Delusion, distractions, dialectic

Mike Belbin reviews James Cameron's new blockbuster 'Avatar'

James Cameron first came to prominence as a superior special effects and action writer-director with Terminator, Aliens and Terminator 2. He went on to acquire even more fame with Titanic, combining the highest movie budget of all time with a frosting of social concern and romance, a love transcending anti-Irish snobbery on the notorious ocean liner. His latest film, Avatar, has been promoted as employing the very boldest use of 3D imagery, while providing a profound allegory of mineral imperialism and colonial violence. In other words, it is more than an X-Box game, though even Cameron probably would not deny the influence.

The story is set in 2954 on the distant planet of Pandora. Into its orbit arrives a space ship of the mining company, Resources Development Administration. From Earth, they are in pursuit of a rare mineral called Unobtainium. As well as RDA staff, the ship contains a group of scientific researchers and an army of mercenaries: it is the East India Company in space.

The planet’s only inhabitants are taller and slimmer than the visitors. They are the Na’vi - agile, blue-skinned and saucer-eyed; a cross between native Americans, with the occasional African plait, and Giacometti sculptures. Earthlings, or ‘sky dwellers’, cannot breathe in Pandora’s atmosphere, the planet’s fauna and flora being especially luxuriant: humans must wear oxygen masks. Therefore, a small team of scientists and soldiers sent to the surface must go as avatars: that is, Na’vi bodies created for them by mixing human and Pandoran DNA. These are then operated by their minds while their human bodies lie prone back at base.

Members of the team include paraplegic ex-US marine Jake Sully (Sam Worthington) and head researcher Dr Grace Augustine, played by Sigourney Weaver, bringing with her reminders of Ripley from the first three Alien films. In the event, Sully is the first to make contact with the Na’vi. The tribe are not fooled about his provenance, for he does not seem to know that much about their culture. Along with the spectator, he is slowly educated into their approach to the world, mainly by Neytiri (Zoe Saldana), whose parents are the Na’vi’s chieftain and high priest.

Sully’s job though is to report back to the RDA mother ship, in particular to the hawkish colonel Miles Quaritch (Stephen Lang) and the impatient RDA bureaucrat Parker Selfridge (Giovanni Ribisi). When Sully concludes that the Na’vi are not going to give up their mineral-rich land, especially the bit under their huge magic tree, an invasion of Pandora begins. The scene is set for Sully to side with the Na’vi and halt the invasion, either by an appeal to negotiation or by battle in nature-shaking 3D.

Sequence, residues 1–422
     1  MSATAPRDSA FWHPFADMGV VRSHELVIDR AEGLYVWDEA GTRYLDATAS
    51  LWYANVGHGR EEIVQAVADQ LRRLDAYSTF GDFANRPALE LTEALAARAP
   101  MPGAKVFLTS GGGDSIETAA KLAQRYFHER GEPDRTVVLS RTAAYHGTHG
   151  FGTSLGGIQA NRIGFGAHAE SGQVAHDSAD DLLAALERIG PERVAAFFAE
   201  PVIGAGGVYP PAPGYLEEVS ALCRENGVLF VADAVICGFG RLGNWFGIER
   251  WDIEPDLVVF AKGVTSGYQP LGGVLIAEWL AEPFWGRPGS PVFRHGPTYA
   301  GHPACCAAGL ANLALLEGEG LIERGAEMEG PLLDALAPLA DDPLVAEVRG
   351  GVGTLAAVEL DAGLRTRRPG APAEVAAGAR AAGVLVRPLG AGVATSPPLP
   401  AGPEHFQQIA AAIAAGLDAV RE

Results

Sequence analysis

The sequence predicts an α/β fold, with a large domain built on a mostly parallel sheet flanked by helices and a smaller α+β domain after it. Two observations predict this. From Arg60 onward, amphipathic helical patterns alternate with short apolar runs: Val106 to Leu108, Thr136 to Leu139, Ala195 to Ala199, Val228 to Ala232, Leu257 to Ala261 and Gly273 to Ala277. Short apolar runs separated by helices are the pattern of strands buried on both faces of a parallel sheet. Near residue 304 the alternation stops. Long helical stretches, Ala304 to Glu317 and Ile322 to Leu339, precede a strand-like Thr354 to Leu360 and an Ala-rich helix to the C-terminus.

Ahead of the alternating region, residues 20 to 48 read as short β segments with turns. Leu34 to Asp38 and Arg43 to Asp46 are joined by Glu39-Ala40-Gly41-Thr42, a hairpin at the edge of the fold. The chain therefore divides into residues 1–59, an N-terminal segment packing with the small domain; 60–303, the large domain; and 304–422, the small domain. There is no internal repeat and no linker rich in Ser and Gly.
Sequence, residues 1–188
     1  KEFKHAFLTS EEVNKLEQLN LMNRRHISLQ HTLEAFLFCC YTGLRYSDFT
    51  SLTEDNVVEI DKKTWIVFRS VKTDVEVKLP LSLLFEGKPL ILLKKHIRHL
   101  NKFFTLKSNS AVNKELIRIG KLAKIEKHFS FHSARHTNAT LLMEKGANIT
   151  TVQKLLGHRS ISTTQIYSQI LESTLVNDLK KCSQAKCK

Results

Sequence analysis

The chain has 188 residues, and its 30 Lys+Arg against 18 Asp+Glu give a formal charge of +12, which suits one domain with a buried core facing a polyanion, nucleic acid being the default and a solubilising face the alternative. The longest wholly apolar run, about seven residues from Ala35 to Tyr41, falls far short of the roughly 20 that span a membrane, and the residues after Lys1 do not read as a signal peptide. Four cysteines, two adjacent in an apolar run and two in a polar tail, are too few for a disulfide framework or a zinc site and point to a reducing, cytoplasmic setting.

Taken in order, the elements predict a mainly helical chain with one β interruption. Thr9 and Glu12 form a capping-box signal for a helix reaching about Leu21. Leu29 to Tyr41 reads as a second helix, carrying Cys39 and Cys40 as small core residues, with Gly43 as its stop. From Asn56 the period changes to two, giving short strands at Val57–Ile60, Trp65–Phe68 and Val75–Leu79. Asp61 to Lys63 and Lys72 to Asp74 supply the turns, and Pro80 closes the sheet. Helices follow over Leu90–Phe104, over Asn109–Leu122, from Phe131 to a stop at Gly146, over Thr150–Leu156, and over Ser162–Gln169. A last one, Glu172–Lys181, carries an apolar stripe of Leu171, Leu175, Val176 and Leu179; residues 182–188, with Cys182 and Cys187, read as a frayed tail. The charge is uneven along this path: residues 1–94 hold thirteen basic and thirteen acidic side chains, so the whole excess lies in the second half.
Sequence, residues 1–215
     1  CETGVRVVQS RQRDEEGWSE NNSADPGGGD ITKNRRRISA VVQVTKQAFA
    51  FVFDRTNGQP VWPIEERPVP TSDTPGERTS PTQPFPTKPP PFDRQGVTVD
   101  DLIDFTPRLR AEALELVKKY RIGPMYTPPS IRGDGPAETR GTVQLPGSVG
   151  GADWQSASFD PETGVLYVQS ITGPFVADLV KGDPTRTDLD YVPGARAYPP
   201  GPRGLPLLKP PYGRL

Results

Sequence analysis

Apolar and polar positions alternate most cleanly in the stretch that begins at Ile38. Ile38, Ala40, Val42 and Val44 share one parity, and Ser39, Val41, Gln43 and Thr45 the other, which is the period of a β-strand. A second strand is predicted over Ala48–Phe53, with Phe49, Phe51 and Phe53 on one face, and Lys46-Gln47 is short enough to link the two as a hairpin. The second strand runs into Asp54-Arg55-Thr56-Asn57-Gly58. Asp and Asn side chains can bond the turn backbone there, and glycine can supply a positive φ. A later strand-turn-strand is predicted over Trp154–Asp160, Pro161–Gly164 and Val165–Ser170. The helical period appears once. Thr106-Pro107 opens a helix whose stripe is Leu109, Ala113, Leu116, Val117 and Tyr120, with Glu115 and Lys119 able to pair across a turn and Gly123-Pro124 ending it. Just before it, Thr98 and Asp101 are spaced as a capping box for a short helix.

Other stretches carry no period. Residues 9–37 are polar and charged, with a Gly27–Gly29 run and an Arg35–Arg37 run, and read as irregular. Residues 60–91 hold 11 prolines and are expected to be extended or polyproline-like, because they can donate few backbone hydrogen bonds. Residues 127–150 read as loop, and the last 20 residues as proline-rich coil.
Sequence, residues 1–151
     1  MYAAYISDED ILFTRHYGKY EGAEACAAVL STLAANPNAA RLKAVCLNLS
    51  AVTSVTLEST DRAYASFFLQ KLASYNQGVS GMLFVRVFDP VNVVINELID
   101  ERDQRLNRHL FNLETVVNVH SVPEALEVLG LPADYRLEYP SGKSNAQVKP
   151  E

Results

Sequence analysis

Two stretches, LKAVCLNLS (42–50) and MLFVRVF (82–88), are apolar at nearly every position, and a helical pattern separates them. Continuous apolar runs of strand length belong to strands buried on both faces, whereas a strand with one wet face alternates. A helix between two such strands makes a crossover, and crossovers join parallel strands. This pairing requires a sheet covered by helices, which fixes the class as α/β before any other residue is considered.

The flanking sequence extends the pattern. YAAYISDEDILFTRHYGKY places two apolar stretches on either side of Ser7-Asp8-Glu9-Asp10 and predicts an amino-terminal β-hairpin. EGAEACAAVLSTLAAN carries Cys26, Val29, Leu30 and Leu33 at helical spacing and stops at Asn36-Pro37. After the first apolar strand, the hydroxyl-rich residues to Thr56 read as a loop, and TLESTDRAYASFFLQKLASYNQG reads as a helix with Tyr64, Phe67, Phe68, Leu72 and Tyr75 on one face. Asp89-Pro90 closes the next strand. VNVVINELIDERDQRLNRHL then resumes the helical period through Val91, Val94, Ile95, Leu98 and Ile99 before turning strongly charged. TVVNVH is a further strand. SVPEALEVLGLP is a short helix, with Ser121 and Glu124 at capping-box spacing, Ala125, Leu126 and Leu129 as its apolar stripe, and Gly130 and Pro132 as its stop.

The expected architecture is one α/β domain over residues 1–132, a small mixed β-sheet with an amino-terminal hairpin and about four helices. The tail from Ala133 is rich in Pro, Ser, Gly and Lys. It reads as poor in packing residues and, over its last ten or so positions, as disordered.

Anyone who is reminded already of various westerns, or indeed the war in Iraq, should not feel they are reading too much into the story: the allusions are hard to miss, from blue ‘redskins’ to a war for precious minerals. Beyond the CGI/computer game action then, how far does the story go politically?

This is neither an irrelevant nor impertinent question, as the movie does make grand philosophical claims along the way. The Na’vi are not just another hollering Apache clone: their relationship with nature has been thoroughly thought out and is presented for our admiration. Though like many things presented for our admiration in these centrist times, from equal opportunity programmes to Barack Obama, it stops short of coming to grips with the problem.

No development

This is not to say that no-one will get anything from it. As an article in The Times suggested, children may take a firm commitment to a sustainable Earth away from the battles between mining company and indigenous people. Some of the battles are not bad either, especially the all too symbolic one between colonel Quaritch in a big robot suit and the fleet-footed Sully and Neytiri, using bows and arrows.

3D may now be another brush to add to the cinematic paint box of colour, sound and wide screen. For this viewer, the new gadget is not only impressive when showing vast, animated vistas or swooping bird-dragons. There is really no replacement for human actors, prettiness apart. In fact, there were times when the CGI figures of the rake-like Na’vi began to pall and I would have preferred to see a bit more chunky human substance.

The story, however, falls down on plot detail, especially character development and context. Sully’s journey from undercover agent to Na’vi guerrilla is vaguely sketched. His initial motivation seems to be an aim to achieve surgery on his legs when he returns. Though this is a goal that someone else offers him (the colonel) not a desire he voices for himself. Stepping out on Pandora in his avatar form, Sully seems only loosely engaged with the mission. Getting lost in the forest, he bumps into the Na’vi and then jocularly imbibes their ways.

Of course, the motivation of figures in an electronic game does not matter that much: it is usually kill or be killed. On screen, however, the turn from secret agent to guerrilla fighter is too lightly done: Quaritch calls him a traitor, but he never seemed that involved anyway. But, having turned, he joins with the Na’vi and effectively becomes their leader, bonding with land, animals and people in a united consciousness - and for all that, a very American figure: the leader who appears from nowhere and becomes a saviour in war and peace; a tall, blue Washington, Lincoln or Obama.